Files in this item



application/pdfJan_Clawson.pdf (8MB)
(no description provided)PDF


Title:Structure and defects in high-performance aramid fibers
Author(s):Clawson, Jan
Advisor(s):Chasiotis, Ioannis
Department / Program:Aerospace Engineering
Degree Granting Institution:University of Illinois at Urbana-Champaign
high-performance fiber
liquid crystal
Abstract:High performance aramid fibers, such as Kevlar, AuTx, and Twaron have been designed for ultra-high specific strength and stiffness. These fibers derive their superior properties from the high degree of molecular orientation that allows for efficient load transfer to the backbone covalent bond axis. While the experimental Young’s modulus of aramid fibers approaches the theoretical limits, the measured mechanical strength is quite lower than the predicted values. The objective of this dissertation research was to obtain an understanding of the subtle differences in the structure of commercial grade aramid fibers with different tensile strength and modulus values. Towards this goal, single fiber tension experiments were conducted with various fiber gauge lengths to evaluate the existence of fiber length size effects and, therefore, a statistical distribution of defects limiting the fiber strength. The test results were supported by several studies of the fiber structure via various modalities of high resolution microscopy. Uniaxial tension tests were carried out with AuTx and KM2 fibers with gauge lengths between 100 µm and 10 mm. The average strength of KM2 fibers was 4.4 ± 0.4 GPa, with a high value of 5.2 GPa and a low value of 3.5 GPa. The average tensile strength decreased by 20% as the gauge length increased from 100 µm to 10 mm. The tensile modulus of KM2 fibers was calculated to be 85.6 ± 3.7 GPa. Similarly, the average strength of AuTx fibers was 5.5 ± 0.7 GPa, with a high value of 6.8 GPa and a low value of 4.4 GPa. A reduction of approximately 20% in the average tensile strength value was also established when the gauge length increased from 100 µm to 10 mm. The relative insensitivity of the fiber tensile strength to the gauge length suggests that failure in both kinds of aramid fibers could be due to processes or defects at length scales well below the micron-scale. High resolution SEM images were obtained to understand the surface morphology and the internal structure of KM2 and AuTx fibers. A process of crushing and splitting of KM2 fibers revealed the presence of circular microfibril building blocks that were as small as 5 nm in diameter, with lengths exceeding 500 nm. AuTx fibers formed ribbon-like fibrils when deformed, with finer and more ordered microfibrils compared to those found in the fracture sections of KM2 fibers. Furthermore, the fiber failure sections from tensile tests revealed several distinguishing features. Both types of fibers had distinct skin but with different thickness and morphology. Specifically, the skin of KM2 fibers was relatively featureless in comparison to AuTx. The core of both types of aramid fibers was comprised of microfibrils that were qualitatively more ordered and better oriented in AuTx than in KM2 fibers. Webs of individual microfibrils formed in the interior of failed KM2 and AuTx fibers, whose structure provided evidence for stronger cohesive forces present in AuTx compared to KM2 fibers. AFM imaging was conducted both on the fiber surface and on fiber cross-sections obtained by a microtome blade. Ordinary AFM tips (tip radius of ~10 nm) resolved surface microfibrils that were aligned with the axis of KM2 and Twaron fibers, while more complex surface features were evidenced in AuTx fibers. Ultra-sharp AFM tips (tip radius of ~2 nm) revealed a crystallite-like structure of the microfibrils on the surface of KM2 fibers. Longitudinal microtome fiber cuts allowed for excellent resolution images, especially with the use of 2-nm radius AFM tips. Unfortunately, transverse microtome fiber cuts were subjected to severe knife damage which prevented detailed AFM imaging. Finally, TEM imaging was carried out on microtome cut fiber sections. The aramid fibers were resistant to all applied staining methods, and, therefore, the additional information from TEM imaging was limited. KM2 fiber sections demonstrated periodic defect banding along the fiber axis, with larger microtome knife damage near the fiber skin. Meanwhile, AuTx fiber cuts demonstrated a mix of low damage areas, and areas covered with ripples. Finally, transverse microtome sections of AuTx showed both extensive tearing and folding, which prohibited their use for high magnification TEM imaging.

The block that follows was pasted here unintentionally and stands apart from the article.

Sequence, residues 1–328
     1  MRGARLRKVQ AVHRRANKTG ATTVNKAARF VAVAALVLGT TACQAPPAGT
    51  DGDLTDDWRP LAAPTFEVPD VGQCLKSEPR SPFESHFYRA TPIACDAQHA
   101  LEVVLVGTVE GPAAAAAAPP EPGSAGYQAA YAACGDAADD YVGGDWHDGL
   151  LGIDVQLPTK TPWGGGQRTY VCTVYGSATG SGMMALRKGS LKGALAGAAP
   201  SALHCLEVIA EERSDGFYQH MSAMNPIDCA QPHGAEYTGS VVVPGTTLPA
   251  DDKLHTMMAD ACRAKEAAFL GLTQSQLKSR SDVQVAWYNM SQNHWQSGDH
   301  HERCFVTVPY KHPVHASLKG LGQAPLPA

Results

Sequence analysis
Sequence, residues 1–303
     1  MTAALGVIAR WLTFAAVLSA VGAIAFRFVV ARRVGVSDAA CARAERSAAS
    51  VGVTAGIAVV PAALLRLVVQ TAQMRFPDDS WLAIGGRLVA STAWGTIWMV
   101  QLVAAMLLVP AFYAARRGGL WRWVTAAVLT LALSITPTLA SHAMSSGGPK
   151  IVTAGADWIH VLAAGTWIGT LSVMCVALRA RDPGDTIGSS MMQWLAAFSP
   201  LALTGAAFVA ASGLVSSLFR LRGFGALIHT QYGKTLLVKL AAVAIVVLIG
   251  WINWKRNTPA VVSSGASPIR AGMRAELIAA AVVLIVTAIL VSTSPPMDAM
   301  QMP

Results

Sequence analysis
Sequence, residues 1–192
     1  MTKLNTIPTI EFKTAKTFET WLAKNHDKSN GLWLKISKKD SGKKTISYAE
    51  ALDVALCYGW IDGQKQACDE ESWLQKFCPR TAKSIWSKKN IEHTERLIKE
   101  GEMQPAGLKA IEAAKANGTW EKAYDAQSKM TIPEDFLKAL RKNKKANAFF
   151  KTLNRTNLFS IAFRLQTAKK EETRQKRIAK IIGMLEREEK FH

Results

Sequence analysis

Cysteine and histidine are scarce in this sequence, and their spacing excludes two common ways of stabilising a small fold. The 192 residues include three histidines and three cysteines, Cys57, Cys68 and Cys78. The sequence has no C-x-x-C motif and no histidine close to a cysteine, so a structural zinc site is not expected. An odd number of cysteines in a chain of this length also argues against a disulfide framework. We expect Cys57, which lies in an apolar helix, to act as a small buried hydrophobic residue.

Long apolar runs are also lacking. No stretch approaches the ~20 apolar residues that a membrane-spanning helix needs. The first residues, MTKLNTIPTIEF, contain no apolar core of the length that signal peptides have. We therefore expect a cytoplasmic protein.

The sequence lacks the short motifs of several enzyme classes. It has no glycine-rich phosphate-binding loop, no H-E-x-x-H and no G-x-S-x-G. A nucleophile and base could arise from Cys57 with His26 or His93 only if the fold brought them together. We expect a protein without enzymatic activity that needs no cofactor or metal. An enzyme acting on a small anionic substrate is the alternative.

Issue Date:2014-01-16
Rights Information:Copyright 2013 Jan Clawson
Date Available in IDEALS:2014-01-16
Date Deposited:2013-12

This item appears in the following Collection(s)

Item Statistics